The foundation was guided by the belief that community residents had the will if not the means to make a difference in their own lives.

Throughout its history, the New York Foundation has supplied seed money to address social problems, especially at “tension points” in society: housing, public health, workers’ rights, women’s suffrage, reproductive rights, racial equity, legal aid, and more. Early trustees put the foundation on track for taking risks in its grantmaking practices. The foundation’s interest in social welfare escalated during the Great Depression of the 1930s. The federal government provided relief to the unemployed, but public assistance proved to be inadequate and had to be supplemented by local and private agencies. The foundation worked with established social service agencies and assisted in forming new ones throughout the city.

In 1934, the foundation funded efforts to conduct surveys and make recommendations to the state government, providing a road map for relief efforts. Two years later, the foundation helped to support a dozen private family welfare agencies in New York that strove to keep people off public welfare rolls, preserve morale, and provide services not supplied by public assistance.

Over the years, a willingness to take risks has become a valued attribute of the foundation, a prize in a field where established major players are often content to stick with safer, doctrinaire outlooks on grantmaking and meeting public need. The New York Foundation’s leadership fully recognized the inherent strength of a small foundation-it had the flexibility to get in early, admittedly at the point when the risks were greatest, but precisely at the moment when resources could be aligned to solve problems before they were even acknowledged as such.

The foundation funded the emerging field of community organizing as early as the mid-1950s, supporting work in Chelsea to test the hypothesis of Saul Alinsky, whose approach stressed citizen participation in neighborhood organizations and later financed a project on the Lower East Side to help residents devise solutions for the burdens of poverty and the changing population in the neighborhood. In 1978, as the city teetered on the brink of bankruptcy, the foundation awarded startup grants to community-based projects in the city’s neediest neighborhoods, shouldering the lion’s share of administrative costs. In the late 1970s and early 1980s, it became a prime funder of grassroots groups aimed at community organizing.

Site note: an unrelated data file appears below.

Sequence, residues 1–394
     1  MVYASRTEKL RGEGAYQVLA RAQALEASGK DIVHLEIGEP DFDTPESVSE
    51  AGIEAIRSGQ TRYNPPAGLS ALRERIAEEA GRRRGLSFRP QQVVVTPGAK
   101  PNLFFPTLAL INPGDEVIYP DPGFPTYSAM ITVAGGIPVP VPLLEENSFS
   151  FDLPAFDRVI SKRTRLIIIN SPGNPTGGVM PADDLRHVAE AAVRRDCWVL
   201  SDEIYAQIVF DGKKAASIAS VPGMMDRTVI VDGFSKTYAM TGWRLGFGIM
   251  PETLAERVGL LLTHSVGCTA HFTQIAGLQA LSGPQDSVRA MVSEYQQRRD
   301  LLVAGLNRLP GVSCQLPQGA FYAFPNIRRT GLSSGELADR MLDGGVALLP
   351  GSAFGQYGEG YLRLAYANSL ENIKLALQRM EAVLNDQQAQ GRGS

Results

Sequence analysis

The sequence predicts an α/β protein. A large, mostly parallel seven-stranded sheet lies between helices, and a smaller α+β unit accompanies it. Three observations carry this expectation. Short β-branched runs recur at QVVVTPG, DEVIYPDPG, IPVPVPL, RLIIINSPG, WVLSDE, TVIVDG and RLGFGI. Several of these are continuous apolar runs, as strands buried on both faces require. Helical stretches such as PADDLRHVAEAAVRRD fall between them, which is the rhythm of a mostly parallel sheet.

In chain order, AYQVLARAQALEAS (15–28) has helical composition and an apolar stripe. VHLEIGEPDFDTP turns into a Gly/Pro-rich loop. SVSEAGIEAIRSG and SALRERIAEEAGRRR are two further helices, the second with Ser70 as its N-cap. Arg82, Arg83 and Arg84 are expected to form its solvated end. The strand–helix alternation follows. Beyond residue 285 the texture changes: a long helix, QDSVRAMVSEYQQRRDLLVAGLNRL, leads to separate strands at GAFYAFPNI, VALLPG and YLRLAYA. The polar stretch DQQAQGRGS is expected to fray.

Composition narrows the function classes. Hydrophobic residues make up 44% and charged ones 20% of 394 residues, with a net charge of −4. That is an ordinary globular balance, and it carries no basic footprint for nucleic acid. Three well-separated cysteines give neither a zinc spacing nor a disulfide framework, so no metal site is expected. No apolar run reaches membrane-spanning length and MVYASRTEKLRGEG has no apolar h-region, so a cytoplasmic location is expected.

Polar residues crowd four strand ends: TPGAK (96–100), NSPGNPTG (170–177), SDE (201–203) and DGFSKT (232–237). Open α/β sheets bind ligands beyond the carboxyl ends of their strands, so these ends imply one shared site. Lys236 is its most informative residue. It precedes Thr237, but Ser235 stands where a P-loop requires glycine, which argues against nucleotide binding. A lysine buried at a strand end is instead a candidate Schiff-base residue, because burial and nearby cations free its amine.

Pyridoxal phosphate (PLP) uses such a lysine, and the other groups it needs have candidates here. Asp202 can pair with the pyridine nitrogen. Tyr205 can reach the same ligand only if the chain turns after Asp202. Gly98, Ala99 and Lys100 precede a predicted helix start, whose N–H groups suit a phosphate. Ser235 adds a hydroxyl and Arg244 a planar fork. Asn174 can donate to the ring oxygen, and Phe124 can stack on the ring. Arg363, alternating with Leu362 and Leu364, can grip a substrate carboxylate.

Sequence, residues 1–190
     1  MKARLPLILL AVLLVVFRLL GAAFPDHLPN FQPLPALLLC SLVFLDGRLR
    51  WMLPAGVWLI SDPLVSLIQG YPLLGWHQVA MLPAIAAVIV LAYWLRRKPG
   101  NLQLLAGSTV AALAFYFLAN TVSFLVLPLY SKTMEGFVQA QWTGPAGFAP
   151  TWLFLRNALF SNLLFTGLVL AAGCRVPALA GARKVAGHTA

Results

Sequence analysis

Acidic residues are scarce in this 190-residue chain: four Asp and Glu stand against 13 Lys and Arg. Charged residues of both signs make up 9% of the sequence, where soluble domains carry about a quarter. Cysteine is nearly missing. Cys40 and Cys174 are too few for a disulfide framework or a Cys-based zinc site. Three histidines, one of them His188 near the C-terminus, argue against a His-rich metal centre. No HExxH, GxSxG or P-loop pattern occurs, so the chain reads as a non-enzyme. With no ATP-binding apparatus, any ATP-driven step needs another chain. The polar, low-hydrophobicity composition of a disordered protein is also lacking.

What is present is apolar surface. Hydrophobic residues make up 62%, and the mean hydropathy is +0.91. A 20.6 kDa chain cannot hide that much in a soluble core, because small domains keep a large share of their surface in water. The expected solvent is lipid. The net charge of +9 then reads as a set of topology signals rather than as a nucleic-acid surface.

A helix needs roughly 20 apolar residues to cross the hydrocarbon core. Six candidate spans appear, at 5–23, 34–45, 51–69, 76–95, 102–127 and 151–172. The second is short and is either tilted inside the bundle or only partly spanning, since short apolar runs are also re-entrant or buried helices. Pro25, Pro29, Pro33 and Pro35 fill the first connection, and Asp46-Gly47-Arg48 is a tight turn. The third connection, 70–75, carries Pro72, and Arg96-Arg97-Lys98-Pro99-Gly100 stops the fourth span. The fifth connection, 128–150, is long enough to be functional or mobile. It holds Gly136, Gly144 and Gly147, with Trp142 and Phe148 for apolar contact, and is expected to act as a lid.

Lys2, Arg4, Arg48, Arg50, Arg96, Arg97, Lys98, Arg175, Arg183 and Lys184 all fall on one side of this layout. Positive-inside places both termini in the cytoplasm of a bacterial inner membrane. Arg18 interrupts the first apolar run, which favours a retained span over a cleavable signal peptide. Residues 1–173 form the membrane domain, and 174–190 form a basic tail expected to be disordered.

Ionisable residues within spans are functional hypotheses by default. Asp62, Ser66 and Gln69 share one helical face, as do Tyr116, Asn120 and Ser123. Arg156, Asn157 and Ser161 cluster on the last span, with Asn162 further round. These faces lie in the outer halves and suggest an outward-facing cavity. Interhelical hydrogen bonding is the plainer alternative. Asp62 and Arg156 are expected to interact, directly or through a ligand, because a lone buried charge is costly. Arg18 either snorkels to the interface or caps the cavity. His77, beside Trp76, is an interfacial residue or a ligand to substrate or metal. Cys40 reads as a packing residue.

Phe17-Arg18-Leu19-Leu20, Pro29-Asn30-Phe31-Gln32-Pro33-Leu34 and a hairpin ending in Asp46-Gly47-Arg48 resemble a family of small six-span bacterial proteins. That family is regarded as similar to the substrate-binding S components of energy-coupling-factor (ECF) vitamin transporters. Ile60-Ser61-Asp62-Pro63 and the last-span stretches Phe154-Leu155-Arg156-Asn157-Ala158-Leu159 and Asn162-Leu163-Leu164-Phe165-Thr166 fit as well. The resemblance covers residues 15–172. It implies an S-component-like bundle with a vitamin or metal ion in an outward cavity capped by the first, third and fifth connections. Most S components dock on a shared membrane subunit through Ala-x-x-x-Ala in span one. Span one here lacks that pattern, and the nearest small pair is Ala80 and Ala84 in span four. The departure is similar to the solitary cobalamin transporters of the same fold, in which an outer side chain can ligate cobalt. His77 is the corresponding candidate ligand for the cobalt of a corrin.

As with their forebears in the early 1900s, the foundation’s trustees challenged the status quo during this period; they were willing to take calculated risks to assess local resources and mobilize and deliver them at the neighborhood level, including crisis intervention counseling for youth, advocacy services for welfare recipients, and training classes for surrogate grandmothers who would work with disadvantaged mothers and their children. The foundation was guided by the belief that community residents had the will if not the means to make a difference in their own lives. Grassroots community organizing jibed with the foundation’s bottom-up philosophical approach to social change.

The foundation is known today as a preeminent funder of grassroots groups. More than half of its grants go to community organizing groups. Foundation funding has moved toward groups that conduct community organizing to resolve common problems, increase participatory processes, and tip the balance of power.